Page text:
A BRIEF HISTORY OF LINCOLN CHRIST’S HOSPITAL SCHOOL
From the Garton Archive at Lincoln Christ’s Hospital School
Occasional Paper No 6
written and edited
Peter Harrod & Chris Williams
from material by
Arthur Behenna, Charles Garton, Joyce Skinner et al
Lincoln Christ’s Hospital School was formed in 1974 as a result of combining four schools; Lincoln School, Lincoln Christ’s Hospital Girls’ High School (subsequently referred to as Lincoln High School), St Giles Secondary School for Boys, and Myle Cross Secondary School for Girls. While Lincoln School’s history can be traced back to 1090, the other three schools were formed relatively recently; Lincoln High School in 1893 and the two secondary modern schools in 1933.
Writing a brief history of a school whose 900 year history dates back to the 11th Century presents something of a challenge, not least in summarising its long and complex history, and selecting those aspects which have been most influential in shaping its development. Inevitably the early part of the history of Lincoln Christ’s Hospital School focuses on the education of boys at Lincoln School, and it is only in the late 19th and 20th Centuries that the growth of girls’ education began to make an impact, both at Lincoln Christ’s Hospital Girls’ High School, and the local secondary modern schools on the St Giles estate.
This potted history owes much to a longer history entitled ‘Lincoln Christ’s Hospital School’, copies of which are available for consultation in the School’s Garton Archive. The editors also acknowledge the contributions made by the chapter ‘Schola Lincolniensis’ in Professor Charles Garton’s ‘Lincoln School: a Summary Honours Board’, and Arthur Behenna’s ‘Lincoln Christ’s Hospital School: a New School based on Old Foundations’. References to the history of Lincoln High School are indebted to Joyce Skinner’s researches. Latin master RP Baker’s Play about Lincoln School in Elizabethan times, and Headmaster Charles Young’s Lincoln School Song are used to provide some lighter relief.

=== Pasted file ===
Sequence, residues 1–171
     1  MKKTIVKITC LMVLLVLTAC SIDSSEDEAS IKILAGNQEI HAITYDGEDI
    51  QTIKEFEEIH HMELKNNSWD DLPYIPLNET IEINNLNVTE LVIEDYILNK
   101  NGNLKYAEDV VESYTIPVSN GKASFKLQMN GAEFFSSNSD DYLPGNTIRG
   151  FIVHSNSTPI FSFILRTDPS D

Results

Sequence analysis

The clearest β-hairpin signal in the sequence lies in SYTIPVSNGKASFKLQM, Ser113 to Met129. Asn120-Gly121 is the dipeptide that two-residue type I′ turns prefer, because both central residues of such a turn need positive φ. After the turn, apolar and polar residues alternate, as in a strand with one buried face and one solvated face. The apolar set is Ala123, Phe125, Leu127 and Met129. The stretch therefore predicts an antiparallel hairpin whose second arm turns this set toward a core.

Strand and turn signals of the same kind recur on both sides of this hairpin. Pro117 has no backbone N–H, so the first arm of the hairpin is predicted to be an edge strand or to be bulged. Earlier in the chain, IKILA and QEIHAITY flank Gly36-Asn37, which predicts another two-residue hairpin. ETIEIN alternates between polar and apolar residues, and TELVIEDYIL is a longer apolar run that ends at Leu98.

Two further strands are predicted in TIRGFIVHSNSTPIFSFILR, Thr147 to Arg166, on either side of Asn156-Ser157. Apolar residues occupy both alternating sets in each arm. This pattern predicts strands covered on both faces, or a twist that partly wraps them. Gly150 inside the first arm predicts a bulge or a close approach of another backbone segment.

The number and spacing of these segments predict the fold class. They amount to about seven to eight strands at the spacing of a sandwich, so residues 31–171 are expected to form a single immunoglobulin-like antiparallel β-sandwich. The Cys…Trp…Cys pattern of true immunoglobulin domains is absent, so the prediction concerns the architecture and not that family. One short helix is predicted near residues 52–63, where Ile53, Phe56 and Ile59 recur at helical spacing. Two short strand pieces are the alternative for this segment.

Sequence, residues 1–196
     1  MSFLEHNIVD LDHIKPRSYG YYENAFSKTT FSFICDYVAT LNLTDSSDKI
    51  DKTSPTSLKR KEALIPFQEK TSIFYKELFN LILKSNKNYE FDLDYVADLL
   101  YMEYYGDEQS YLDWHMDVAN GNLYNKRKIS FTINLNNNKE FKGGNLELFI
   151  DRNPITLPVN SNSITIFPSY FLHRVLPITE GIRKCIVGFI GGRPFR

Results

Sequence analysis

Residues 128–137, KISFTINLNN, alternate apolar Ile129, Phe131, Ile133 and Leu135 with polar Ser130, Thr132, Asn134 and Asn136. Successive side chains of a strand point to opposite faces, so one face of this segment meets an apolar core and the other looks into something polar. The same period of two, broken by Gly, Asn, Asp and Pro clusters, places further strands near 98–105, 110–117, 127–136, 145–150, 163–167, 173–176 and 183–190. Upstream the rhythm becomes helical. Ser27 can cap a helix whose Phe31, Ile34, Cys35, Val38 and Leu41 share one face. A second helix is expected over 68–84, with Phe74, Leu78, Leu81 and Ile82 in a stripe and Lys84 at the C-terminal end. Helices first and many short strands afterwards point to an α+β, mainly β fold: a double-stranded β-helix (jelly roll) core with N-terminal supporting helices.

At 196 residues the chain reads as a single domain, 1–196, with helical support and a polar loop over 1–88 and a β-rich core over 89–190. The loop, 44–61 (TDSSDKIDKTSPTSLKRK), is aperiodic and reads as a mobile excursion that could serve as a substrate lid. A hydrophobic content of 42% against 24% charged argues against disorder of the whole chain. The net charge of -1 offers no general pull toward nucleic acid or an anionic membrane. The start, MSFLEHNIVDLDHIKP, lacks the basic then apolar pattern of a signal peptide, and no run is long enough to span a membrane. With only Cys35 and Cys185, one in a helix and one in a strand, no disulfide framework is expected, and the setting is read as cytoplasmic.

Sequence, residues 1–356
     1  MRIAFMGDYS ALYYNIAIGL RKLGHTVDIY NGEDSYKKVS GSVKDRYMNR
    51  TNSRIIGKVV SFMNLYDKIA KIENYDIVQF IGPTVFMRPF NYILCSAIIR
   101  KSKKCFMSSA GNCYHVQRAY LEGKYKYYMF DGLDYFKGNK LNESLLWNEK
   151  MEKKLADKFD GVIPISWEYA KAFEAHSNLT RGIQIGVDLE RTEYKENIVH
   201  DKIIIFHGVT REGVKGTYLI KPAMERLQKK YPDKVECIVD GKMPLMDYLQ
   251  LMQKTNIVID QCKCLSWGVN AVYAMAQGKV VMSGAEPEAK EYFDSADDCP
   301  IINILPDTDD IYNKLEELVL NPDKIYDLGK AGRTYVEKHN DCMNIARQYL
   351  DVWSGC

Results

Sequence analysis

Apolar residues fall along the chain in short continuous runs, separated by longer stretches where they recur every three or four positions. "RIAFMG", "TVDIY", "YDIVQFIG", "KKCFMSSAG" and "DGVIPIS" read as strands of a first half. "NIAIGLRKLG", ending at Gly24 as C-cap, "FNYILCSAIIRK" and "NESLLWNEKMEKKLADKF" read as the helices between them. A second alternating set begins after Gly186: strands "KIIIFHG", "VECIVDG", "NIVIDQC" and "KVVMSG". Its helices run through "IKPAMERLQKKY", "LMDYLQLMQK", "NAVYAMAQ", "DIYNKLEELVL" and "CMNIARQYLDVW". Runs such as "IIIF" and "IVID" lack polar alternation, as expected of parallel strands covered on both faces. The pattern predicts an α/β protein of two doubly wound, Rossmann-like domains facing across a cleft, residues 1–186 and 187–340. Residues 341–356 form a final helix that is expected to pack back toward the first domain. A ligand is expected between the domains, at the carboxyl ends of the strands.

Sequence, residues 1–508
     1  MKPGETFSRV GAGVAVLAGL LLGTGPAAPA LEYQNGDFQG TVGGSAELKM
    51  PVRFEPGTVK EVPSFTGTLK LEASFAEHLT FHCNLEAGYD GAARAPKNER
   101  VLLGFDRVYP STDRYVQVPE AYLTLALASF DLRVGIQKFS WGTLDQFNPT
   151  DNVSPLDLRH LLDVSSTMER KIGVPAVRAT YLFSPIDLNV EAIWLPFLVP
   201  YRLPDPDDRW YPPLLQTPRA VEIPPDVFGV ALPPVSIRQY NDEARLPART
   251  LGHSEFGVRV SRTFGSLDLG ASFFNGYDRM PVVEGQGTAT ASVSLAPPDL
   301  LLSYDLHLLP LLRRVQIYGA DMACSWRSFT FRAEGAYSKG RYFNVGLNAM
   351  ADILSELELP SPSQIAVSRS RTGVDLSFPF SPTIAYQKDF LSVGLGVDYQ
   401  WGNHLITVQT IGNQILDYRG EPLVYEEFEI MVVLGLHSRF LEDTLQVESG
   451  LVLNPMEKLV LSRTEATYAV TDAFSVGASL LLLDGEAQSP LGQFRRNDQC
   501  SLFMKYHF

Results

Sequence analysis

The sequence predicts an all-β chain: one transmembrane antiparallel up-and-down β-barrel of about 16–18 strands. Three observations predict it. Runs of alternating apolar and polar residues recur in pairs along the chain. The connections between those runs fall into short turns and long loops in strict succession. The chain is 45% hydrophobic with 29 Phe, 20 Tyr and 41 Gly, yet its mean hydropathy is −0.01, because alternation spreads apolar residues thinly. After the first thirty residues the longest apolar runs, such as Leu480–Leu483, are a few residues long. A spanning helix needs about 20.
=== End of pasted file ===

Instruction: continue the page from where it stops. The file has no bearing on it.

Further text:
For those wishing to engage in more serious research, the Garton Collection and other documents preserved in the Archive present a treasure chest of information, more especially in the political events leading up to the formation of the present co-educational comprehensive school. The editors accept full responsibility for any inaccuracies or bias in this paper, either by selection or omission.
The Foundations of a School in Lincoln
‘Oh William came with horse and spear our country great to rule...’
The opening line of the Lincoln School Song, written by CE Young, Headmaster of Lincoln School from 1929-1937, and set to the tune of ‘The Lincolnshire Poacher’, is a reference to the familiar story of William the Conqueror’s reign in 11th Century England. The third line;
‘But soon arose in Lindum town a minster and a school’
reveals that the origins of Lincoln School were steeped in the Church when in 1090 Bishop Remigius, who was building his Norman Cathedral in Lincoln, founded a school in what Sawyer (1998) describes as ‘the thriving City of Lincoln’, and appointed its first ‘Magister’ who may have been Albinus of Anjou. However, as Mr RP (‘Bunny’) Baker contends in his play ‘Elizabethan Schooldays; Some Incidents in the History of Lincoln School during the reign of Queen Elizabeth 1st’;
‘The beginnings of Lincoln School are lost in antiquity. We cannot with certainty name our founder. We have no date of our foundation. But we do know that, when Elizabeth 1st was Queen, our School had a history of at least 500 years.’
Since those early days Lincoln School has maintained its close association with the Cathedral, and the present school preserves its somewhat more tenuous links through representation of the Dean and Chapter on the Governing Body, and the Foundation of Christ’s Hospital at Lincoln, established in 1613 by Royal Charter, which continues to provide financial support to the School from the endowment of Dr Richard Smith of Welton. . This had been established by Dr.Smith in 1612 as an endowment for twelve boys; five ‘poor’ boys from Lincoln, one from the Bail of Lincoln, and three each from Welton and Potterhanworth.